A useful section-by-section analysis of Wittgestein’s Philosophical Investigations can be found here.

Was Wittgenstein a behaviourist?  If not, why not?

As mentioned in a previous lesson, Wittgenstein is noted for having developed two distinct philosophies. In the early work (like the Tractatus) Wittgenstein tried to spell out precisely what a logically constructed language can (and cannot) be used to say. Its seven basic propositions simply state that language, thought, and reality share a common structure, fully expressible in logical terms.

Seven basic propositions of the Tractatus:

1. The world is everything that is the case.

2. What is the case, the fact, is the existence of atomic facts.

3. The logical picture of the facts is the thought.

4. The thought is the significant proposition.

5. Propositions are truth-functions of elementary propositions. (An elementary proposition is a truth function of itself.)

6. The general form of truth-function is [, , N()]. This is the general form of proposition.

7. Whereof one cannot speak, thereof one must be silent.

On Wittgenstein’s view, the world consists entirely of facts. (Tractatus 1.1) Human beings are aware of the facts by virtue of our mental representations or thoughts, which are most fruitfully understood as picturing the way things are. (Tractatus 2.1) These thoughts are, in turn, expressed in propostitions, whose form indicates the position of these facts within the nature of reality as a whole and whose content presents the truth-conditions under which they correspond to that reality. (Tractatus 4) Everything that is true—that is, all the facts that constitute the world—can in principle be expressed by atomic sentences. Imagine a comprehensive list of all the true sentences. They would picture all of the facts there are, and this would be an adequate representation of the world as a whole.

Since propositions merely express facts about the world, propositions in themselves are entirely devoid of value. The facts are just the facts. Everything else, everything about which we care, everything that might render the world meaningful, must reside elsewhere. (Tractatus 6.4) A properly logical language, Wittgenstein held, deals only with what is true. Aesthetic judgments about what is beautiful and ethical judgments about what is good cannot even be expressed within the logical language, since they transcend what can be pictured in thought. They aren’t facts. The achievement of a wholly satisfactory description of the way things are would leave unanswered (but also unaskable) all of the most significant questions with which traditional philosophy was concerned. (Tractatus 6.5)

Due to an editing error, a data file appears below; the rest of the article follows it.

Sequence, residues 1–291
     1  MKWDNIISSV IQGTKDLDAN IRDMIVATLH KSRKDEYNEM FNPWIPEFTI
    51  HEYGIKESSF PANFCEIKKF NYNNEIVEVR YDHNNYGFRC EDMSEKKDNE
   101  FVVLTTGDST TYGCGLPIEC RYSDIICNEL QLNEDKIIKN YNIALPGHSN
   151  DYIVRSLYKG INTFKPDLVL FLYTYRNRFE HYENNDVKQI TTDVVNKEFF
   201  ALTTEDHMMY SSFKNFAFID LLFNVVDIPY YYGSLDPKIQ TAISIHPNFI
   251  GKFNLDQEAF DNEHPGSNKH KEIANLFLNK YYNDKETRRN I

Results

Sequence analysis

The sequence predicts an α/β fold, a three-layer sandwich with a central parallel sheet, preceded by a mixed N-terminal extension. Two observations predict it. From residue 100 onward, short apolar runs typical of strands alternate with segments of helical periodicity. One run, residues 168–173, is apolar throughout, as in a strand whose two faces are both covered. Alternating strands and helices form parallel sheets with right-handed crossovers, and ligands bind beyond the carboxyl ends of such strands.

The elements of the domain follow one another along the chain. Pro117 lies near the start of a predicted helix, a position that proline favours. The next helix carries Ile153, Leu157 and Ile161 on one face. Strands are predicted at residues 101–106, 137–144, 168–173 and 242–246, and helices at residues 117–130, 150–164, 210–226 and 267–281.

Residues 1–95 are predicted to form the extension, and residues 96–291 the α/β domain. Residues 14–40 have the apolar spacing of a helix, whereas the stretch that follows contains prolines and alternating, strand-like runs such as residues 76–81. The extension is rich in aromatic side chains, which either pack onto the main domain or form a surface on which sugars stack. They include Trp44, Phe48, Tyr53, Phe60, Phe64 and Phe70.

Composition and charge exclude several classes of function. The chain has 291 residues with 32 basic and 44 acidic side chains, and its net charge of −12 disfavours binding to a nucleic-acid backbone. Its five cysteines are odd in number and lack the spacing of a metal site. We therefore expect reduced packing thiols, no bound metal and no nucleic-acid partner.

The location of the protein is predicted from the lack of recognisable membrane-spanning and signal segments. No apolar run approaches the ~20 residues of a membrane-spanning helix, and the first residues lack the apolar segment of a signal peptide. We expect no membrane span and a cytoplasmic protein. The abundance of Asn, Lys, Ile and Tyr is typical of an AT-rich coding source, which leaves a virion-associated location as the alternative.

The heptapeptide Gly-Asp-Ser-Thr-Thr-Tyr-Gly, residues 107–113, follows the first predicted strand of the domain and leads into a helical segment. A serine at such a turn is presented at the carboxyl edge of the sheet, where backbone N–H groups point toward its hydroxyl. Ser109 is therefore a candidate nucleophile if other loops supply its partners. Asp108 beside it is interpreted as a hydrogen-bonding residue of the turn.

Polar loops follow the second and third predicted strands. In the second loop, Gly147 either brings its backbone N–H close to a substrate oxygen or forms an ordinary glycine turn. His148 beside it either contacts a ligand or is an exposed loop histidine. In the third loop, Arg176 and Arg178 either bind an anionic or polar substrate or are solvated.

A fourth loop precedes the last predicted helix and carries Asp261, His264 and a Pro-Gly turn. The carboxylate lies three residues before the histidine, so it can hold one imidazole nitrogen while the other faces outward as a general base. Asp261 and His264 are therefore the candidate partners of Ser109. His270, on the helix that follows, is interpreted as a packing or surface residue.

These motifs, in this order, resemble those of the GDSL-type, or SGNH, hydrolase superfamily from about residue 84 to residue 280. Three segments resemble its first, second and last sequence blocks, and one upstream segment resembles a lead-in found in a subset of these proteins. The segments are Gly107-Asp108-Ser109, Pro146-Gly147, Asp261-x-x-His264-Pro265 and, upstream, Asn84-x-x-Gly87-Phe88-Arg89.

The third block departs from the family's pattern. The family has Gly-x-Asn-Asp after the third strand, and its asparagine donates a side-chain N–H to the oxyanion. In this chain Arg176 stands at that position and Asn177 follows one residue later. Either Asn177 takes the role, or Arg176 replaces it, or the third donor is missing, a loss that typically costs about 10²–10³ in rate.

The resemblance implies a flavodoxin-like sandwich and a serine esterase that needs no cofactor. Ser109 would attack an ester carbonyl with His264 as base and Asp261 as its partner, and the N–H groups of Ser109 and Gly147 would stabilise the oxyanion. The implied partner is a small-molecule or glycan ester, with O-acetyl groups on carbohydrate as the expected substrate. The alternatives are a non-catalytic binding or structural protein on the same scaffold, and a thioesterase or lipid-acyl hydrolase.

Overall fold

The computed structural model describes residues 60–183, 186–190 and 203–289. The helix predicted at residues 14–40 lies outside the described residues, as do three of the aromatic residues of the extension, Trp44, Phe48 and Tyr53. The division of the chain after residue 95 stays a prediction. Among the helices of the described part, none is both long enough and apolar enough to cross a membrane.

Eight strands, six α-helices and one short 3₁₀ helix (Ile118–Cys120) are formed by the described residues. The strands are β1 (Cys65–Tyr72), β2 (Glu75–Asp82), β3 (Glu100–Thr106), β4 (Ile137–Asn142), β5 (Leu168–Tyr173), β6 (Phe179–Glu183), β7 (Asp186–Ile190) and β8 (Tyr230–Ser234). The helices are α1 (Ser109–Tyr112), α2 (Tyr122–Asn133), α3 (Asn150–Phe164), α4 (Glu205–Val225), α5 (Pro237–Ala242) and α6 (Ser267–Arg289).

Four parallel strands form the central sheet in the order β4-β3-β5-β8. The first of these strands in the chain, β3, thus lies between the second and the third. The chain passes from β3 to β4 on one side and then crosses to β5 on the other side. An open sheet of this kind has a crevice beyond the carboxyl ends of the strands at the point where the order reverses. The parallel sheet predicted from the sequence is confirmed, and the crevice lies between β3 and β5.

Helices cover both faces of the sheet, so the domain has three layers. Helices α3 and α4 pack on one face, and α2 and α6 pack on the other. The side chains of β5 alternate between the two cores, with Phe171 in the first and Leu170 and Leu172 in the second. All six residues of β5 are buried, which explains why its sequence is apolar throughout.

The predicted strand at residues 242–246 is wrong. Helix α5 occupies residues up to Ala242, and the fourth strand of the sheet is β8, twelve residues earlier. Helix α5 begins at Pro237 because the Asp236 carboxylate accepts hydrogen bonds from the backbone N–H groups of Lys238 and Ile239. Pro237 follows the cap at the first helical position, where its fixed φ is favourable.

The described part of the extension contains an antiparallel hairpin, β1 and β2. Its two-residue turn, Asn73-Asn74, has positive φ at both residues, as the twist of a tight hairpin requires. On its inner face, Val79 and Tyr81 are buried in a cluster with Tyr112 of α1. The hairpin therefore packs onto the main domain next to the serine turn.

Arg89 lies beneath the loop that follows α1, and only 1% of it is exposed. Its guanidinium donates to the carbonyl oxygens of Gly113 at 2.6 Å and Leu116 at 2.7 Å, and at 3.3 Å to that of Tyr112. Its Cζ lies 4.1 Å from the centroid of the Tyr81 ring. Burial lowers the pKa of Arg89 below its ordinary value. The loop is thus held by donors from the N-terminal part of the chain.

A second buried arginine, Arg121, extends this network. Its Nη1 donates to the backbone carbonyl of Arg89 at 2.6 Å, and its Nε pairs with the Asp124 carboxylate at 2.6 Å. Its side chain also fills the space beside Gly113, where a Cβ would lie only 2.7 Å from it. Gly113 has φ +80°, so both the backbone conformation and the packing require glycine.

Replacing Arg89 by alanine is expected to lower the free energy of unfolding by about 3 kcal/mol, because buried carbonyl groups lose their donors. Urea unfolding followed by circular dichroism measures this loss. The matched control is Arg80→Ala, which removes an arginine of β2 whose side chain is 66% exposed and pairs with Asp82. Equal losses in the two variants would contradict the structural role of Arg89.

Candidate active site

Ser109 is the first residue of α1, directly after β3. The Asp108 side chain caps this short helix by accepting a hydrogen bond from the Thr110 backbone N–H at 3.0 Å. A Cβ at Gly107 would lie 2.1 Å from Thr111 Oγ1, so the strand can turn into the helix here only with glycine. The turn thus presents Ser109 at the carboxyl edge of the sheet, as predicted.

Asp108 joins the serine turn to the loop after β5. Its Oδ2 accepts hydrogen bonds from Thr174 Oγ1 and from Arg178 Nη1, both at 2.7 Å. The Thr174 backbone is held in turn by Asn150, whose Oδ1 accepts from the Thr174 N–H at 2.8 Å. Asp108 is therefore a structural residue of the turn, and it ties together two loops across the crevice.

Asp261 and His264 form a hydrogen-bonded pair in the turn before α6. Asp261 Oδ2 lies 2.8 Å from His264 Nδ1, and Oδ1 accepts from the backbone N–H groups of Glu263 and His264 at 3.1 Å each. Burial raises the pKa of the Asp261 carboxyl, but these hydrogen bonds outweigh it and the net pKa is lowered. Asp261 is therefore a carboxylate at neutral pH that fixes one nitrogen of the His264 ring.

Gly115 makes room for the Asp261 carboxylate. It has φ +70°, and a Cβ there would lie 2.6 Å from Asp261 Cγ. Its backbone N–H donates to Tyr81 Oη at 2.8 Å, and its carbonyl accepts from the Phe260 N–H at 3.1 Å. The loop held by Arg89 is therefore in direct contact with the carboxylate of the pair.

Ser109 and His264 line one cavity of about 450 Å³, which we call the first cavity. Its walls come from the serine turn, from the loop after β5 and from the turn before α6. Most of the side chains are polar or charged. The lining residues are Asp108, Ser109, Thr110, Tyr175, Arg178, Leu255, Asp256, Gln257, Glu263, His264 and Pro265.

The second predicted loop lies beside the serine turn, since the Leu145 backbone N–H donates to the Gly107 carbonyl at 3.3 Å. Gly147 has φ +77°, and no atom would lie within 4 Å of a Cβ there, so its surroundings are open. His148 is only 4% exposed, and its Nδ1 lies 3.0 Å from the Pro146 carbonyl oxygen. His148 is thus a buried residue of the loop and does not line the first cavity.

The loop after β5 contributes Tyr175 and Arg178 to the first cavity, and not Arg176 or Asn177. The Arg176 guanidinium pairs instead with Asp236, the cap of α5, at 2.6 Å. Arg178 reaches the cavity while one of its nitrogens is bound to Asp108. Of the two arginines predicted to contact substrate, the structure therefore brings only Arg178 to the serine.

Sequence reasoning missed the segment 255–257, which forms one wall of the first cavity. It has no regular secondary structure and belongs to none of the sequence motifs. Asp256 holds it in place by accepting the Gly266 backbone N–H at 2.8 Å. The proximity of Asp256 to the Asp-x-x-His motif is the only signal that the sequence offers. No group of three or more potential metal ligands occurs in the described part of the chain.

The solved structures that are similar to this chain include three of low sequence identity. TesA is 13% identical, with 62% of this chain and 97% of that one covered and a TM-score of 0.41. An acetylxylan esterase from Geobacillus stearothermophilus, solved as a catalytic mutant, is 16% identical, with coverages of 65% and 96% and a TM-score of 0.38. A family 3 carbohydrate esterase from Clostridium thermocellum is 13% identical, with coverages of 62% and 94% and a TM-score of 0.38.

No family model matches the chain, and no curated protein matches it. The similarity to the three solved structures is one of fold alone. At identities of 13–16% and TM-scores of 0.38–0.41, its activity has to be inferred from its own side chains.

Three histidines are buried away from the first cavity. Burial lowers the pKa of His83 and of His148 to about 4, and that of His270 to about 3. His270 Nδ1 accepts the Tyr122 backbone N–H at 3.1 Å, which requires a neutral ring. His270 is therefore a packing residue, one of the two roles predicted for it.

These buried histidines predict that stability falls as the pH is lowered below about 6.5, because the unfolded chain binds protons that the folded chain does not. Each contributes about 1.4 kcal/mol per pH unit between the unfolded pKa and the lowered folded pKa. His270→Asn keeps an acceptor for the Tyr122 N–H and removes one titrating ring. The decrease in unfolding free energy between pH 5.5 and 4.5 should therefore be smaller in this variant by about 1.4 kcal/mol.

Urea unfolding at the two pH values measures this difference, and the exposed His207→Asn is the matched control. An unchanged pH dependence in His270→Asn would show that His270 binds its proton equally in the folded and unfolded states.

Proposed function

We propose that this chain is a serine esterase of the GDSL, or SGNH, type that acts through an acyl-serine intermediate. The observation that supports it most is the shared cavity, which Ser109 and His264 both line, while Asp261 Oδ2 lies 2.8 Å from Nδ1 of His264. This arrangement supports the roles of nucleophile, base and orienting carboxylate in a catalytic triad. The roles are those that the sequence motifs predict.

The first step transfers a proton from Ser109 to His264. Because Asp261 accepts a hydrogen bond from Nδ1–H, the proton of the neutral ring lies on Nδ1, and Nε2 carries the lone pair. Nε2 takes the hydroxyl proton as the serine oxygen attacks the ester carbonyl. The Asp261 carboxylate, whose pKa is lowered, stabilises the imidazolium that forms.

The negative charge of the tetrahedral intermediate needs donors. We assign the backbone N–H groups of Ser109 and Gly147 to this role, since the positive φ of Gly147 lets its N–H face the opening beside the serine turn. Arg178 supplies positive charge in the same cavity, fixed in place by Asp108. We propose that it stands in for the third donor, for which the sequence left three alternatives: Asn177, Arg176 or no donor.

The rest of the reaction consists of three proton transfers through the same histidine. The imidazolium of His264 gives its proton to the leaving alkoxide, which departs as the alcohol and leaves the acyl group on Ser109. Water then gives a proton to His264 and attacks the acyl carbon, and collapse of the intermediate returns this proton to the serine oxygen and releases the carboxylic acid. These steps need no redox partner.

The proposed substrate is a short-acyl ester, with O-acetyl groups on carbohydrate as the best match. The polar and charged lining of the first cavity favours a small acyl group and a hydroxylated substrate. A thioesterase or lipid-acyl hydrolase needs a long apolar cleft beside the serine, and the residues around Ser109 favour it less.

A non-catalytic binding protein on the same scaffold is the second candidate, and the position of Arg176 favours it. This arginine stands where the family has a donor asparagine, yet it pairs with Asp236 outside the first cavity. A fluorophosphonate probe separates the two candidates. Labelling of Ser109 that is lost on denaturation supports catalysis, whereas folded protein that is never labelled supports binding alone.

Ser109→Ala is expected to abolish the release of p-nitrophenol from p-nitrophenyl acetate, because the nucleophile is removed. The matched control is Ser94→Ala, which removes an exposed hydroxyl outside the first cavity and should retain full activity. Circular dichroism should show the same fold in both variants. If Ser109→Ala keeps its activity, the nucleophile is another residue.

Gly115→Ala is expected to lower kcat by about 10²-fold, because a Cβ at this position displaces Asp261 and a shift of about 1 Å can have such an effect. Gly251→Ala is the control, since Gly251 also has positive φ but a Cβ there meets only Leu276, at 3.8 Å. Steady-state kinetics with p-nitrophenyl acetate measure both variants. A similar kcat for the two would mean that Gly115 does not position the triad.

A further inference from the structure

Thus, even the philosophical achievements of the Tractatus itself are nothing more than useful nonsense; once appreciated, they are themselves to be discarded. The book concludes with the seventh proposition:

“Whereof one cannot speak, thereof one must be silent.”

In his later work, Wittgenstein revises this view of the world. Wittgenstein found that the problem with this logical analysis is that it demands too much precision, both in the definition of words and in the representation of logical structure. In ordinary language, applications of a word often bear only a “family resemblance” to each other, and a variety of grammatical forms may be used to express the same basic thought. But under these conditions, Wittgenstein now realised, the hope of developing an ideal formal language that accurately pictures the world is not only impossibly difficult but also ill-conceived. Wittgenstein now believed the hope of developing an ideal formal language that accurately pictures the world is impossibly difficult and wrong-headed. His later work, then, attempted to re-think the nature of language.